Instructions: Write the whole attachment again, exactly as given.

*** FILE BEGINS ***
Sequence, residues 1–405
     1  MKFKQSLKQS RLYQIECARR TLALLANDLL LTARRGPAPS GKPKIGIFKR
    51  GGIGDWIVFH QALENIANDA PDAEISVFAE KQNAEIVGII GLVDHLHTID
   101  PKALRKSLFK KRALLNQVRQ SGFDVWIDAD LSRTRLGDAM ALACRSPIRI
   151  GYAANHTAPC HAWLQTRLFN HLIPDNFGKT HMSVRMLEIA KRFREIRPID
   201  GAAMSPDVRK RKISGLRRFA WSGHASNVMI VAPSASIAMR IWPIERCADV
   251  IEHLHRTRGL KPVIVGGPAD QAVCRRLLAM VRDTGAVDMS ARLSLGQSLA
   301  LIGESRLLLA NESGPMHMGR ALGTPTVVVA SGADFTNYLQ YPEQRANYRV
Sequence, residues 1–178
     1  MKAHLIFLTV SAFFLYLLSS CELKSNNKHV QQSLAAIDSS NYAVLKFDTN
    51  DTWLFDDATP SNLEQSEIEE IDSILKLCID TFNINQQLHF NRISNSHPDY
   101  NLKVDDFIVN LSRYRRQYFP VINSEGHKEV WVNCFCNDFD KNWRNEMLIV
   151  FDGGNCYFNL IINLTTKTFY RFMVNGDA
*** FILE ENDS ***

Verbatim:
Sequence, residues 1–405
     1  MKFKQSLKQS RLYQIECARR TLALLANDLL LTARRGPAPS GKPKIGIFKR
    51  GGIGDWIVFH QALENIANDA PDAEISVFAE KQNAEIVGII GLVDHLHTID
   101  PKALRKSLFK KRALLNQVRQ SGFDVWIDAD LSRTRLGDAM ALACRSPIRI
   151  GYAANHTAPC HAWLQTRLFN HLIPDNFGKT HMSVRMLEIA KRFREIRPID
   201  GAAMSPDVRK RKISGLRRFA WSGHASNVMI VAPSASIAMR IWPIERCADV
   251  IEHLHRTRGL KPVIVGGPAD QAVCRRLLAM VRDTGAVDMS ARLSLGQSLA
   301  LIGESRLLLA NESGPMHMGR ALGTPTVVVA SGADFTNYLQ YPEQRANYRV
Sequence, residues 1–178
     1  MKAHLIFLTV SAFFLYLLSS CELKSNNKHV QQSLAAIDSS NYAVLKFDTN
    51  DTWLFDDATP SNLEQSEIEE IDSILKLCID TFNINQQLHF NRISNSHPDY
   101  NLKVDDFIVN LSRYRRQYFP VINSEGHKEV WVNCFCNDFD KNWRNEMLIV
   151  FDGGNCYFNL IINLTTKTFY RFMVNGDA